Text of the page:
Review: Gamdias Hermes RGB Mechanical Gaming Keyboard
Gamdias, what’s that? My friends, Gamdias is a relatively new company into the gaming hardware and peripherals market. It’s only been four years since they arrived on the scene. On the Gamdias homepage, they showcase their lineup of gaming keyboards, mice, headphones, mouse pads and other accessories. How do we know if their gear is worth your hard-earned money? Well, that’s why you’re, here isn’t? Below, we answer these questions. So without any further delay. Welcome to our Gamdias HERMES RGB Keyboard review.
Introducing the HERMES RGB Keyboard
The HERMES RGB is mechanical gaming keyboard with a 50 million push button life cycle. It comes with 16.8 million colors and 13 different lighting effects to choose from. Of these 13, two in particular: “Wave” and “Rainbow Drops,” are very cool. You can change the brightness (4 levels) and speed of the effects to your liking. The brains of the keyboard lie in the ARM® Cortex®-M3 32-bit microprocessor. Unlike its sister keyboard, the HERMES 7 Color, this keyboard has a small, non-removable “wrist plate.” Again, in contrast to the HERMES 7 Color, this keyboard is more compact. Its exact dimensions are 17.3 x 6.7 x 1.46 inches. Personally speaking, while I don’t find the size of the keyboard uncomfortable, I think it would fare better with a slightly bigger “wrist plate.”
Flipping the keyboard over, you’ll notice three channels to direct the braided cable. While this is good design, the keyboard legs are not. Trying to raise the keyboard legs is not so easy as there’s hardly any space to insert a finger or thumb. The HERMES 7 Color is better in this regards. And unlike say the Logitech G710 series keyboard; the HERMES RGB has only one USB connector to plug into your desktop.
The HERMES RGB keyboard comes with your standard Num-Lock, Caps-Lock, and Scroll-Lock, but it has another lock which is appropriately titled “Gaming.” Enabling “Gaming” disables the Windows key preventing any accidental press of the Windows key fatal. One thing that’s a bit odd is in the top right corner where it shows locks are enabled, it only has three: Num-Lock, Caps-Lock, and Gaming. Scroll Lock isn’t shown at all. The key is there and still toggles, but you have to remember if you left it on or off because it isn’t displayed. Fortunately, I don’t know a single person that uses it.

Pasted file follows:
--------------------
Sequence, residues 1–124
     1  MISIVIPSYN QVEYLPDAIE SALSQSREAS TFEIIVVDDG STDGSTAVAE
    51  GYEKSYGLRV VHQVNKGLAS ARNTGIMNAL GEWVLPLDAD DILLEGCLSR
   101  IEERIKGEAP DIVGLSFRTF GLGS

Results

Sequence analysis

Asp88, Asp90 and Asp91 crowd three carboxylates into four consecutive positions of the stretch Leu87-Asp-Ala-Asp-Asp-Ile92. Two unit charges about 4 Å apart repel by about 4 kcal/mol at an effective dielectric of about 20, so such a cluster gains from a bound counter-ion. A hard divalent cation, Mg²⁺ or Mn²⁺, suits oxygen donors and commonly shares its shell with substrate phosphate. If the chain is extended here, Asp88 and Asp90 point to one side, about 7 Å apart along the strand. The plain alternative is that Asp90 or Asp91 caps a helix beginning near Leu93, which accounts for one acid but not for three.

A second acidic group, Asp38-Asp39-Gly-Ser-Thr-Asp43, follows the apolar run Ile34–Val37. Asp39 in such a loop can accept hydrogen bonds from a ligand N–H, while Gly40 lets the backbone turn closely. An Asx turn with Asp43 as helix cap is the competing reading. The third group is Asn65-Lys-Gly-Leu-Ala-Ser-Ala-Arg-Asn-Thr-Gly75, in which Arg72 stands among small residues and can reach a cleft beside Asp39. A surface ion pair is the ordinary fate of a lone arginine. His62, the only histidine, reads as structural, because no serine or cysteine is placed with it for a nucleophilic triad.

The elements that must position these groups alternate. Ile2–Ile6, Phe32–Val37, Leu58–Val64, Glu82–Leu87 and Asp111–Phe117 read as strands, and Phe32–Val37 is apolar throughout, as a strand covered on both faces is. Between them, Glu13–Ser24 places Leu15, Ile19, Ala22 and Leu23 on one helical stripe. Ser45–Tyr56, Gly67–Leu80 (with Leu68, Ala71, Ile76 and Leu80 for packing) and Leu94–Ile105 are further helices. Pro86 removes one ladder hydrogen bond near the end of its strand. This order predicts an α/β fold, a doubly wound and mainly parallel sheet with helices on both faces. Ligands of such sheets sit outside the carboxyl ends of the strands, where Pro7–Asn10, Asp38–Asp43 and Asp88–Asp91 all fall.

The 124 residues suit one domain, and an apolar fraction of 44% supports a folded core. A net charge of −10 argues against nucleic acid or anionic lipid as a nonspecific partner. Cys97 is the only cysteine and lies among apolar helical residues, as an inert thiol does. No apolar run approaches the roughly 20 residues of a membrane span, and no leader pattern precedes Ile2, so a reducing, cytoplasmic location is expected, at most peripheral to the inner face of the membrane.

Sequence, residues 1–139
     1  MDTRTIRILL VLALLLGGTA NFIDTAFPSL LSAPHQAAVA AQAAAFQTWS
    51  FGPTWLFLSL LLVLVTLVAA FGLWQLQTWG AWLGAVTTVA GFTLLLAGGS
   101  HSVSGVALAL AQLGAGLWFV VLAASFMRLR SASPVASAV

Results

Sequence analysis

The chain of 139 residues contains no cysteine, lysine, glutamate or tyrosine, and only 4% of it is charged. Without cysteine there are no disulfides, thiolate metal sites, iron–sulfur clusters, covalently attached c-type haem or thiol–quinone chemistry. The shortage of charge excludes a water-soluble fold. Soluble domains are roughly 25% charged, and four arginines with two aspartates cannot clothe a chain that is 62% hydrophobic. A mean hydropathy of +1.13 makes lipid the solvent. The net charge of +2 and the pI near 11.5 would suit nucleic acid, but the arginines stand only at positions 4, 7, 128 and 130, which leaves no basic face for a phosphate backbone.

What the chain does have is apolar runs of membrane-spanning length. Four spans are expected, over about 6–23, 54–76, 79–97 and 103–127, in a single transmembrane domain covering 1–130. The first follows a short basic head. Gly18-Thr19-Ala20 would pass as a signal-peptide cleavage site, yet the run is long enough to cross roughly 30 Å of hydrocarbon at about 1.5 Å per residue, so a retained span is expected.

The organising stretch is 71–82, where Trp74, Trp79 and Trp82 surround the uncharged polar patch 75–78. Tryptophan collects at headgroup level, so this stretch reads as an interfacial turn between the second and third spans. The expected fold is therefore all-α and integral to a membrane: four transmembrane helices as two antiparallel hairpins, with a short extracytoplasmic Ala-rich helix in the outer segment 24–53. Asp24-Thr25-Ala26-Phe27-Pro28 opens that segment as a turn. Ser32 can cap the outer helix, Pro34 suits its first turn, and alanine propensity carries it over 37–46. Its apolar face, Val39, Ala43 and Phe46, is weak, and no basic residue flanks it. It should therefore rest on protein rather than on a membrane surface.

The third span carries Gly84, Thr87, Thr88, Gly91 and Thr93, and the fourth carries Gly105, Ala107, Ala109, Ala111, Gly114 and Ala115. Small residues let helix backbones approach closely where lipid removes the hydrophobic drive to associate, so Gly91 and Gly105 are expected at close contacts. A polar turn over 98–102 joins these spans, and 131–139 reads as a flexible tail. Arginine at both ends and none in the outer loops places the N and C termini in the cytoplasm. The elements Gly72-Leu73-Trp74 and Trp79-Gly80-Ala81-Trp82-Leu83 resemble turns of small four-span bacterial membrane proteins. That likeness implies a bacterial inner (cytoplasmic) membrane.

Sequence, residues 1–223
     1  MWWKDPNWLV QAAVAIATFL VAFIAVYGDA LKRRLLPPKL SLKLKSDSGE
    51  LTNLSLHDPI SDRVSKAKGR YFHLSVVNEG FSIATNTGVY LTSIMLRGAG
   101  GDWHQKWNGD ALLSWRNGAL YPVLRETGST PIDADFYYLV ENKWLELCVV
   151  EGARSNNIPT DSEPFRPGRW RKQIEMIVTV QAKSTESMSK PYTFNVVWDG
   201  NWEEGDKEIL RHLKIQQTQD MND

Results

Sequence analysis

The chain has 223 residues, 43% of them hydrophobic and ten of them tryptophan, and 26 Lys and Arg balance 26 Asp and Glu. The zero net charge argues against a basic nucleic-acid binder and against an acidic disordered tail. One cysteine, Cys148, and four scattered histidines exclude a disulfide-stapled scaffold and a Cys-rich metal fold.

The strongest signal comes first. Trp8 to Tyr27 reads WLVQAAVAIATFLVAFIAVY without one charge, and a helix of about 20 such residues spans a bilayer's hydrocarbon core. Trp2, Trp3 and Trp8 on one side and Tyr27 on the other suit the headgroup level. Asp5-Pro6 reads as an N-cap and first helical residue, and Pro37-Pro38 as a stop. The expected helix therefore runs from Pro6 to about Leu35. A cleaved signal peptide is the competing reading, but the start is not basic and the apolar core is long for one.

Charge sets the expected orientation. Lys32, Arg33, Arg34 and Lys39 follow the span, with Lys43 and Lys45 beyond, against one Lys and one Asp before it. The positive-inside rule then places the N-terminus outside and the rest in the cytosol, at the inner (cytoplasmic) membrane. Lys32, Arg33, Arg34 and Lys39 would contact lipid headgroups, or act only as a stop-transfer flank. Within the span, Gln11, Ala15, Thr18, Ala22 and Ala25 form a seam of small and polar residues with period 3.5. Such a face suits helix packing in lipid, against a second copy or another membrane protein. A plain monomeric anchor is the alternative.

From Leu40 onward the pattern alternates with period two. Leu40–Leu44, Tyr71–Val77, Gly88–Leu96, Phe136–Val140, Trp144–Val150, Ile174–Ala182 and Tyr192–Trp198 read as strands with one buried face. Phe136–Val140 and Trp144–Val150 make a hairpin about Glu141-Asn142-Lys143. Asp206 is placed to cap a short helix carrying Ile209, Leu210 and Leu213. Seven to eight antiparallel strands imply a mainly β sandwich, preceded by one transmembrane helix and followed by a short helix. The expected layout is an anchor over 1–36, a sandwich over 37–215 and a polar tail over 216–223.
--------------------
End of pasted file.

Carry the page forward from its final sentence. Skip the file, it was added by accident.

Wondering about N-key rollover? There’s no need to. Here are the 21 keys: Q, W, E, R, U, I, O, P, \, 7, 8, 9, +, Enter, Backspace, F9, F10, F11, F12, Scroll, and Pause. (Yes, this took a bit of research.)
You can also completely lock the keyboard out, for when you want to vacuum it or pull a key out. A key puller is supplied as part of the package contents. It has the now standard media player controls such as “Previous”, “Next”, “Pause/Play”, “Mute”, “Audio Down”, and “Audio Up”. You can switch “WASD” to the arrow keys and vice versa. Another strange quirk is on the lower left of the keyboard where the Windows Button would be. It’s missing. There’s no actual Windows key, having been replaced with the Fn key. Now, it turns out there is a Windows key, but it’s shared with a “Game” key with the Windows logo beneath it.